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draghun9
Fluorite | Level 6

Hello,

Need some advise with below issue.

 

Our SAS 9.4 app sits on linux server. Recently, to fix some AD authentication issue on our server, they have applied some patch/ solution, And from the, i see that the UID of the installation ID (rtdmsas) is different than what used to be during the installation and they are no so positive Smiley Frustrated about retreiving the old UID. So, Need your adwise on what can be done to start services as now i get permission denied error accessing the SAS install/config folders itself.

I know , its not advisable on opening up the permissions on the folders and start services. So, is there any other option you guys could suggest.

1 ACCEPTED SOLUTION

Accepted Solutions
Kurt_Bremser
Super User

As the superuser, do the following:

find / -user old_uid -exec chown new_user {} \;

where old_uid is the previous numerical id, and new_user is the username.

Do such operations only when a current backup of the whole system is available. Make sure that old_uid is not accidentally used by another user on the same system (you never know with things like AD).

View solution in original post

5 REPLIES 5
JuanS_OCS
Amethyst | Level 16

Hello @draghun9,

 

it should be fine as long as you take the required counter measures. Meaning:

 

- assing same group memberships to the new sasinst user than the old one: sas, sasusers, sudo-ers (if apply), etc

 

- change the files ownership from the old sasinst user to the new one

   The bin/sashome, config, logs ... all SAS folders: https://documentation.sas.com/?docsetId=biig&docsetTarget=p0eqop8dtbe081n1xl4tgs69a15z.htm&docsetVer...

   And anything else you can think of where the old sasinst user was owner.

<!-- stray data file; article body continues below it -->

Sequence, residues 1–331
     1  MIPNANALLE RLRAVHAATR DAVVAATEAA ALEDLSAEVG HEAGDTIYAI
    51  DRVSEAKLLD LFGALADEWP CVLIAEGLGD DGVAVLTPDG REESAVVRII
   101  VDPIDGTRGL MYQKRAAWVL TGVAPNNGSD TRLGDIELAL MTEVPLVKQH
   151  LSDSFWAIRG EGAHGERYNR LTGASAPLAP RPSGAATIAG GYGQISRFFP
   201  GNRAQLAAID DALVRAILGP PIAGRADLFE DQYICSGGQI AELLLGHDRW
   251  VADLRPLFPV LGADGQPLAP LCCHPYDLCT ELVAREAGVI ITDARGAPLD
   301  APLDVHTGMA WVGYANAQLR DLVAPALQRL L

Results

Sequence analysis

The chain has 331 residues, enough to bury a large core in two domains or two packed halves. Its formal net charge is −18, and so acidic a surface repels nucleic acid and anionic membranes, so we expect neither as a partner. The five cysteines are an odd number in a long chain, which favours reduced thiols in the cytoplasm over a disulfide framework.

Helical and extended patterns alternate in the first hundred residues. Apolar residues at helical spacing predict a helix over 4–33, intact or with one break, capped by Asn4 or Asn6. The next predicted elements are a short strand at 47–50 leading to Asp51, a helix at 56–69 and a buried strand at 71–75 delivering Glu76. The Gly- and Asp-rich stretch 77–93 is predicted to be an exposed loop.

- Ensure the same changes of the user in the SAS Metadata, to ensure SAS can pick up the new user (and password if needed)

 

Of course, have a very good snapshot or full backup, before the change, restart services and hope that you did not miss anything.

 

PS: indeed, better not to think about 777 permissions and such. Endless Nightmares.

 

 

 

Kurt_Bremser
Super User

As the superuser, do the following:

find / -user old_uid -exec chown new_user {} \;

where old_uid is the previous numerical id, and new_user is the username.

Do such operations only when a current backup of the whole system is available. Make sure that old_uid is not accidentally used by another user on the same system (you never know with things like AD).

SimonDawson
SAS Employee

On Linux there are certain administration functions inside the SAS Deployment Manager where a comparison of the username of the SAS installation user that was used during the installation is compared with the one currently executing the task. I've seen first hand an instance of where the case of the username changed and this stopped the task from being able to be performed. I don't recall specifically which task in the SDM was being used. This is something to be mindful of.

Kurt_Bremser
Super User

From what I take from the original post (and the acceptance of my suggestion as the solution points to it), the username has not changed, but the underlying numerical uid that is supplied by the LDAP source for that username.

Something that should never happen, but can happen when a move to LDAP is implemented without proper planning and design. Or when a new business unit is added to an existing LDAP database, and collisions of the numerical uid's need to be dealt with. If the later, I'd actually recommend to also do a new setup of the SAS installation from scratch once the migration of the userbase has concluded successfully.

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